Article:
Curtis Sittenfeld was born in 1976. She lives in Washington DC. Prep is her first novel; her second novel, The Man of My Dreams, will be published by Picador in 2006.
Adult/High School-When Lee Fiona arrives at Boston's prestigious Ault boarding school for her freshman year, she enters a world unlike anything she knew in South Bend, IN. "I always worried that someone would notice me," she says of her first bewildering weeks at the school. "And then when no one did, I felt lonely." This dilemma follows her throughout her four years. In her senior year, when she hooks up with star basketball player Cross Sugarman, she asks that he keep their relationship quiet. But she is appalled when she suspects that he has done just that. Sittenfeld has exquisitely captured the angst of the outsider in this fine coming-of-age novel. Lee is 24 when she recounts her boarding school history. Those few years' perspective give her an authentic voice that makes her sound less eccentric and more mainstream than Salinger's Holden Caulfield. Lee's world is peopled with the geeks and greats of the high school years-super-popular Aspeth Montgomery, who warns Lee away from a relationship with a townie; Aubrey, her math tutor, who professes his unrequited love; and enigmatic Cross, who initiates Lee into sex, but seems less than the full-fledged boyfriend she craves. Much more than stereotypes, Prep's characters, in their depth and humanity, will appeal to readers, who will find themselves rooting for Lee despite her foibles and her insecurities. Her moments of self-doubt will reverberate with adolescents everywhere.-Patricia Bangs, Fairfax County Public Library System, VA Copyright 2005 Reed Business Information.
In this readable coming-of age tale, Lee Fiora is an Iowa girl on scholarship at elite and private Ault in New England, where the stress of being an outsider magnifies the usual adolescent dilemma of uncertain identity. While there, she befriends Little, also an outsider as a black girl from Pittsburgh and the thief stealing money from dormitory rooms. During junior year, one of Lee's freshman roommates attempts suicide, and Lee has a secret sexual relationship with popular and handsome Cross, who never dates her and is indifferent to her in front of other students. When she is selected to talk about Ault with a reporter from the New York Times, she opens up under the reporter's seemingly sympathetic questioning. The article, quoting Lee, depicts Ault as dominated by a wealthy and snobbish clique, and Lee is further ostracized. But when she graduates, she discovers that there is a world outside of Ault. To interest adult readers, a novel like this needs something special: Holden Caulfield's voice, say, or the literary flair of Tobias Wolff's Old School. Here, events add up to little more than a familiar picture. Suitable for YA collections if mildly sexually explicit scenes are not objectionable.-Elaine Bender, El Camino Coll., Torrance, CA Copyright 2004 Reed Business Information.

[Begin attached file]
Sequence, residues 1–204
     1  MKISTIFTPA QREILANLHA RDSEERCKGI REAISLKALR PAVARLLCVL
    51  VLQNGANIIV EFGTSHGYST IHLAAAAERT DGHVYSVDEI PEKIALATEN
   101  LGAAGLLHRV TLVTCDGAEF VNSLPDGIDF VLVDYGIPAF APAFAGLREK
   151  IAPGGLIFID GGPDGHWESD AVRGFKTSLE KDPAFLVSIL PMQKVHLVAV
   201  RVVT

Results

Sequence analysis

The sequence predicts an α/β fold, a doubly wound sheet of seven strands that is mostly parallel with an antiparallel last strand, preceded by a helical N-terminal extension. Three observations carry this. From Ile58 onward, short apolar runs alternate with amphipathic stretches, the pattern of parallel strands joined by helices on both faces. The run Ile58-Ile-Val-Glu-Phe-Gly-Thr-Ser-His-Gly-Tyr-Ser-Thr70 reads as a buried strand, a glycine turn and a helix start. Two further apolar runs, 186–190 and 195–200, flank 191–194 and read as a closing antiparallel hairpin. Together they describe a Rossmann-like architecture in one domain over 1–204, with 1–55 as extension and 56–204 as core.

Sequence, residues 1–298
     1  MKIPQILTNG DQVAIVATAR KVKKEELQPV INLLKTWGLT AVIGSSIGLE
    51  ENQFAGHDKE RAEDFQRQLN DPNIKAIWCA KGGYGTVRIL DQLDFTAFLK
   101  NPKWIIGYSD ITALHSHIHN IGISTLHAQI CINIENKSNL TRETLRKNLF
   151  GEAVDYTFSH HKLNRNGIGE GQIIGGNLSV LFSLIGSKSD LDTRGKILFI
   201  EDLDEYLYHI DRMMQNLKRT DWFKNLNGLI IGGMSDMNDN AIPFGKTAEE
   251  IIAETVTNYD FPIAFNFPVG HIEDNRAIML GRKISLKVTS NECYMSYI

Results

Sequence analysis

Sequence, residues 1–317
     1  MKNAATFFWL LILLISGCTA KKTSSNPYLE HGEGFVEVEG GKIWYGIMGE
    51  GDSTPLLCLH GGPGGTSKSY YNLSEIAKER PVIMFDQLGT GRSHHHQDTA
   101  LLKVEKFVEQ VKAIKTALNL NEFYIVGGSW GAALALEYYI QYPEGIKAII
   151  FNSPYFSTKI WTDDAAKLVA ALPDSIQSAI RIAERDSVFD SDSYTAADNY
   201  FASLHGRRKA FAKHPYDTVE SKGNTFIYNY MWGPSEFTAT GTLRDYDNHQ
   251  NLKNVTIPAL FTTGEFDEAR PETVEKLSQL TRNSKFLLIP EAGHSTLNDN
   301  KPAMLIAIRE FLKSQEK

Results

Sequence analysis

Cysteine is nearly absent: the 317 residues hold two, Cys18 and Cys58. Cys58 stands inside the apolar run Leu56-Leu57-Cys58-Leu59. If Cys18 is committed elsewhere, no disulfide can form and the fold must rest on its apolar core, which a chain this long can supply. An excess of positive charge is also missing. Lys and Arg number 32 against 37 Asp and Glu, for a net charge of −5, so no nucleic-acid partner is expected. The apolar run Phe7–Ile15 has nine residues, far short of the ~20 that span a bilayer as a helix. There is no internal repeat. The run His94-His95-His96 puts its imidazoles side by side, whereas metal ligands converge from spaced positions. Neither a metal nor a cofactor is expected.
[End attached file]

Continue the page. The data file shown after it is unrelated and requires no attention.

A self-conscious outsider navigates the choppy waters of adolescence and a posh boarding school's social politics in Sittenfeld's A-grade coming-of-age debut. The strong narrative voice belongs to Lee Fiora, who leaves South Bend, Ind., for Boston's prestigious Ault School and finds her sense of identity supremely challenged. Now, at 24, she recounts her years learning "everything I needed to know about attracting and alienating people." Sittenfeld neither indulges nor mocks teen angst, but hits it spot on: "I was terrified of unwittingly leaving behind a piece of scrap paper on which were written all my private desires and humiliations. The fact that no such scrap of paper existed... never decreased my fear." Lee sees herself as "one of the mild, boring, peripheral girls" among her privileged classmates, especially the Uber-popular Aspeth Montgomery, "the kind of girl about whom rock songs were written," and Cross Sugarman, the boy who can devastate with one look ("my life since then has been spent in pursuit of that look"). Her reminiscences, still youthful but more wise, allow her to validate her feelings of loneliness and misery while forgiving herself for her lack of experience and knowledge. The book meanders on its way, light on plot but saturated with heartbreaking humor and written in clean prose. Sittenfeld, who won Seventeen's fiction contest at 16, proves herself a natural in this poignant, truthful book. Agent, Shana Kelly. (Jan. 18) Copyright 2004 Reed Business Information.